In the First Telephone Call
Whatever hourly rate or other basis for your charges you choose, you must firmly and confidently communicate about fees to the client. If you charge by the hour, tell any potential new client your hourly rate during the initial phone call. Some clients will be looking for lower hourly rates. If so, they will go elsewhere without wasting your time. Some potential clients will not balk at your hourly rate, but it will be evident to you after a short discussion that the cost of your services will be out of proportion to what is at stake. It is worth spending a few minutes on the phone with a potential new client to do a preliminary screening before offering to make an appointment. This will eliminate a number of clients who are not right for you and conserve your time for good prospects.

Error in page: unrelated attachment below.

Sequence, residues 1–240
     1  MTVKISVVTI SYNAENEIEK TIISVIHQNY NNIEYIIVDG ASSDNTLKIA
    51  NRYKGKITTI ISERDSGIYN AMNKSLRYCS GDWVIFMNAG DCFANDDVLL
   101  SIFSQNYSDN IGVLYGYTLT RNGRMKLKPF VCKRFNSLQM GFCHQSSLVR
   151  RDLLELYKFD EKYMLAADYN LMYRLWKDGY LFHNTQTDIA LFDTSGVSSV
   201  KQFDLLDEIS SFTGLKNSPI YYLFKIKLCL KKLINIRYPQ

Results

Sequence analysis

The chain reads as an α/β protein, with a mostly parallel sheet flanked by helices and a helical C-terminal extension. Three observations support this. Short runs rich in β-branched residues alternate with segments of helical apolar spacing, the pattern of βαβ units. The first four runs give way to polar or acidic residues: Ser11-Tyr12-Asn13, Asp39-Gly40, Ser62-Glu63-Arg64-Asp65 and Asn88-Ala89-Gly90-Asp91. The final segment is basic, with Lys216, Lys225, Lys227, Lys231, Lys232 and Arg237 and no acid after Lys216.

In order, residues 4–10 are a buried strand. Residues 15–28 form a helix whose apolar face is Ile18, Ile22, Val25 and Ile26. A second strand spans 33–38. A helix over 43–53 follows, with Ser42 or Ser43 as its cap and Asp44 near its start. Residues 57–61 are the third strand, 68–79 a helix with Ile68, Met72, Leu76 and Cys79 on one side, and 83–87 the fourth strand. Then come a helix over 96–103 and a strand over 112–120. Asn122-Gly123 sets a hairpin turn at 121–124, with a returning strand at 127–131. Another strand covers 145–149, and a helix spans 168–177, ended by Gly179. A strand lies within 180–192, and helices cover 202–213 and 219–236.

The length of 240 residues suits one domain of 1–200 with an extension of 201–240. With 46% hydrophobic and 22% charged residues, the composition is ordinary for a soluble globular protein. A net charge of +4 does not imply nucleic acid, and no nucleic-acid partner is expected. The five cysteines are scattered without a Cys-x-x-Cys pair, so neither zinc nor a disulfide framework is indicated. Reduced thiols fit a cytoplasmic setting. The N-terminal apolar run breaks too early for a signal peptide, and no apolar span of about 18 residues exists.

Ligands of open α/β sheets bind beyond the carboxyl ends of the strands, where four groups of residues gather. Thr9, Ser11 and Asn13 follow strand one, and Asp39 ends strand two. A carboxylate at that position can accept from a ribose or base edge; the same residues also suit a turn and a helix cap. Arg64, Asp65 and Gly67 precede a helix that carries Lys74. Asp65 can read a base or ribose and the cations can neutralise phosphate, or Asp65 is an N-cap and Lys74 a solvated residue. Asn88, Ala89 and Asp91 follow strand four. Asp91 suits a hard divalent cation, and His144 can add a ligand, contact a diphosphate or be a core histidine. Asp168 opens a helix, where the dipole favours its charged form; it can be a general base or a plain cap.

Ordinarily, you should not attempt to set a fee advance during the first telephone call because you do not have sufficient information to make this determination. However, if you sense from the conversation that the client may not be able to afford you, you might tell the client the fee advance will not be less than a specified amount. If the client is not prepared to pay that amount, you can save the client the cost of the initial consultation only to find out he cannot afford you, and you can save yourself some valuable time that could be used to land a client who can afford you.
Linda J. Ravdin (email@example.com) is a shareholder in Ravdin & Wofford, PC in Washington, DC.
Excerpted from Flying Solo: A Survival Guide for the Solo Lawyer, 3rd edition, edited by Jeffrey R. Simmons. ABA Law Practice Management Section, 2001.